US rushes through to meet its promises to India on anti-terror
Ahead of President Barack Obama's visit to India, the US is rushing through to meet his commitment to Prime Minister Narendra Modi on counter- terrorism, including targeting underworld don Dawood Ibrahim and dismantling LeT, JeM, al Qaeda and the Haqqanis networks.
Washington: Ahead of President Barack Obama's visit to India, the US is rushing through to meet his commitment to Prime Minister Narendra Modi on counter- terrorism, including targeting underworld don Dawood Ibrahim and dismantling LeT, JeM, al Qaeda and the Haqqanis networks.
This week the US Treasury Department slapped sanctions against two key aides of India's most wanted underworld don Dawood, who runs his D-Company criminal network from Karachi.
By targeting Mehran Paper Mill, a Kotri City, Pakistan-based paper company owned by Anis Ibrahim, brother of Dawood, is a clear indication from the US about how entrenched D-Company is in Pakistan.
Anis and Aziz Moosa Bilakhia (Bilakhia) have been designated as Narcotics Traffickers under Kingpin Act due to their ties to D-Company.
Following their White House meeting on September 30, Modi and Obama had stressed the need for joint and concerted efforts, including the dismantling of safe havens for terror and criminal networks, to disrupt all financial and tactical support for networks such as al-Qaeda, Lashkar-e-Toiba, Jaish-e-Mohammad, the D-Company, and the Haqqanis.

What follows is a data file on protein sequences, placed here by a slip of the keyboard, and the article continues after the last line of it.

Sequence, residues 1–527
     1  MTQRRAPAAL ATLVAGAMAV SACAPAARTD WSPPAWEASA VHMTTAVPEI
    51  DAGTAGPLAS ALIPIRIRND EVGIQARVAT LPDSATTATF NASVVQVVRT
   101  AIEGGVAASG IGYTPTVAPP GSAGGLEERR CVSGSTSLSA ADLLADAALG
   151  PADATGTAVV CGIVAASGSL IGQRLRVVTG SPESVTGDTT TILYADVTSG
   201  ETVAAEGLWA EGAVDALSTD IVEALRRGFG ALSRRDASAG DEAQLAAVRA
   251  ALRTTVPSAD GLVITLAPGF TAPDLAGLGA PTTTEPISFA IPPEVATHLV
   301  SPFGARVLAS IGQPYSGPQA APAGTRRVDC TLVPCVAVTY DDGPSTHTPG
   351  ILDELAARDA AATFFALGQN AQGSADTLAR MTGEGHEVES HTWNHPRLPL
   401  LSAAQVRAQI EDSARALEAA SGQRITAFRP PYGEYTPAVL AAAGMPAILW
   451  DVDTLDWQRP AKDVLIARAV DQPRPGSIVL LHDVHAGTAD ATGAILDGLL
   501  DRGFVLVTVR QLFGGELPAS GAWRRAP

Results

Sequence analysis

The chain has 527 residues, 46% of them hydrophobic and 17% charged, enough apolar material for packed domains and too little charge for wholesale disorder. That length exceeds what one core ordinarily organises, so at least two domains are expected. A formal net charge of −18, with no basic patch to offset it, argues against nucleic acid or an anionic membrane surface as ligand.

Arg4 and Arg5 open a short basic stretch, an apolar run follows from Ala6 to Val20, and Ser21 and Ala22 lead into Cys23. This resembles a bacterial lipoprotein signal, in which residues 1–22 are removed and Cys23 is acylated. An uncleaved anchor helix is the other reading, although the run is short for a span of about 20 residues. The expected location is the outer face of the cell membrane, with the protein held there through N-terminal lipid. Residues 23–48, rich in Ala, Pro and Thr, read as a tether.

They reiterated their call for Pakistan to bring the perpetrators of the November 2008 terrorist attack in Mumbai to justice.
The reported move by Pakistan to impose a ban on terrorist networks including the Haqqani network and Jamat ud-Dawah is also seen as part of the effort of the Obama Administration to push Islamabad in this regard.
Such a move by Pakistan has come soon after the Islamabad visit of Secretary of State John Kerry. The US has described this as a welcome development.
In his meetings with the Pakistani leadership, including Prime Minister Nawaz Sharif, Kerry stressed on the need to bring to justice the perpetrators of the Mumbai terror attack.
The US was quick to come out in public against the decision of a Pakistani court granted bail to LeT leader Zakiur Rehman Lakhvi, who played a key role in the Mumbai attack that left 166 people dead, including six Americans.
Working behind the scene, it is understood to have asked Pakistan to ensure that Lakhvi remains behind bar.
In the last few months, the US is believed to have also impressed upon Pakistan to take action against Dawood ? a designated terrorist.
Officials in the US firmly believe that the underworld don is staying in a safe hideout in the port city of Karachi.
US officials are not willing to buy the Pakistani argument that Dawood is not in Pakistan.
In fact they point out to the concrete evidences provided by them and the Indians in this regard.